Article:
Your vs You're - English Grammar - Teaching Tips

 

"Your" and "you're" often get confused, not only by English learners around the world but also by many native English speakers. Let's break it down. "Your" is a possessive adjective that indicates ownership, while "you're" is simply the contraction of "you are". Let's take a look at this example sentence: Your grades are great this semester. In this case, we use 'your' as we use it to indicate ownership. You're the best student in the entire school! This example require us to use 'you're' because it is the short form for 'you are'. Should you not be sure which one to use, think about if you want to express ownership or of you want to say "you are".


Below you can read feedback from an ITTT graduate regarding one section of their online TEFL certification course. Each of our online courses is broken down into concise units that focus on specific areas of English language teaching. This convenient, highly structured design means that you can quickly get to grips with each section before moving onto the next.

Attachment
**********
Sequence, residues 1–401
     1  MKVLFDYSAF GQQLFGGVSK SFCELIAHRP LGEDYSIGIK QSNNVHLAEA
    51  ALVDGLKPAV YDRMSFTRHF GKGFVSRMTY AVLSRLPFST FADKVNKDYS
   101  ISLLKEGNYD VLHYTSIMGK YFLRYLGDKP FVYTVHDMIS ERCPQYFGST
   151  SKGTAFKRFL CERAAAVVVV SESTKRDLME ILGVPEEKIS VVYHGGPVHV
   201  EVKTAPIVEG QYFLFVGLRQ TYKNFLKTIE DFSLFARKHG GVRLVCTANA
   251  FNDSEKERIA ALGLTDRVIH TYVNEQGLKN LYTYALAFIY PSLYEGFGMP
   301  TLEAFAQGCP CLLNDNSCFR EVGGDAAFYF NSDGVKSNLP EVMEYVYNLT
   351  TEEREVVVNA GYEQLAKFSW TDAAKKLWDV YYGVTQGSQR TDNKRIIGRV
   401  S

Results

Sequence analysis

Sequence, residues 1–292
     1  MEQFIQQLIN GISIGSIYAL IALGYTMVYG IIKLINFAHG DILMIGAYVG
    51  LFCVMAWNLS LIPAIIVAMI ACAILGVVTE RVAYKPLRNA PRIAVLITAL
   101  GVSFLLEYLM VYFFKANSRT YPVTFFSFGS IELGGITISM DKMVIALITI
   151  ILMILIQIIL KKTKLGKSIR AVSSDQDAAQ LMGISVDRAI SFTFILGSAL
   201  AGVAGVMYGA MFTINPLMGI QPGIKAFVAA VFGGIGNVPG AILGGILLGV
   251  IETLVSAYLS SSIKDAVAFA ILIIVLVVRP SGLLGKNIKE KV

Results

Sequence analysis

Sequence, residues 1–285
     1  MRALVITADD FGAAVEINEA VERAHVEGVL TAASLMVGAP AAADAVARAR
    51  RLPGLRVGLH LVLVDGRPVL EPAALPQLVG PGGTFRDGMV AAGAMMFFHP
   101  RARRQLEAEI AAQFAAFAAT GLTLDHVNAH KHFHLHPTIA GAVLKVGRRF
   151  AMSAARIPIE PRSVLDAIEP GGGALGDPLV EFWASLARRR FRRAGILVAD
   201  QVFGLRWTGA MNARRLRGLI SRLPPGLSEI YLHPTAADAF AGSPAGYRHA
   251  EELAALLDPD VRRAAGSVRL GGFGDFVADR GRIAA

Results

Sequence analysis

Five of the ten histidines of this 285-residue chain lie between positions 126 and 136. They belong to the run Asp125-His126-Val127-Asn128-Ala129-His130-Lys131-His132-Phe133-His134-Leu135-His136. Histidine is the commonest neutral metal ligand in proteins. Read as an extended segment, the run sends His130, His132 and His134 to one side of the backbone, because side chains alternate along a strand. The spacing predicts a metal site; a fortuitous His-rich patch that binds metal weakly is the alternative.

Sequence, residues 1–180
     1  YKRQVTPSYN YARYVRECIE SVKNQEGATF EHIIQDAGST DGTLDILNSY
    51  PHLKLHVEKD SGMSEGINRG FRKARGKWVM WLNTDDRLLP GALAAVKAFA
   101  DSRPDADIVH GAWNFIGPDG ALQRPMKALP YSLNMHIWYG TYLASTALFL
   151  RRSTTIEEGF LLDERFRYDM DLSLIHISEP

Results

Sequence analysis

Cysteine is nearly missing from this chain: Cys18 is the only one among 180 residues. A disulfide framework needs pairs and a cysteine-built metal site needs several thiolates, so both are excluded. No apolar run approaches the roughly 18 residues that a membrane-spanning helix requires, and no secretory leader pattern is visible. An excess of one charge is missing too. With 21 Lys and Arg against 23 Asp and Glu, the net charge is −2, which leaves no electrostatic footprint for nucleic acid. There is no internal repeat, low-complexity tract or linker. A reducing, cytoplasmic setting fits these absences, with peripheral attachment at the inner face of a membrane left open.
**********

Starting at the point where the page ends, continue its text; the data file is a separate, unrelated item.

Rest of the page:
When it comes to pronunciation of contracted forms you will need to be drilling the students on them. Each verb will have a different meaning depending on whether they are used in simple or continuous tense. In English there are three different times: past, present, and future. Four aspects: simple continuous, perfect, and perfect continuous, twelve in all.Well, that was it. I'm happy to know a bit more about the Business English world, although quite a few of the points seem rather obvious for someone who's been living in Asia for almost 3 years. I think this syllabus in general, and this last lesson in particular, are a good reference point. Now, I just have to start teaching - that way I'll learn the most.


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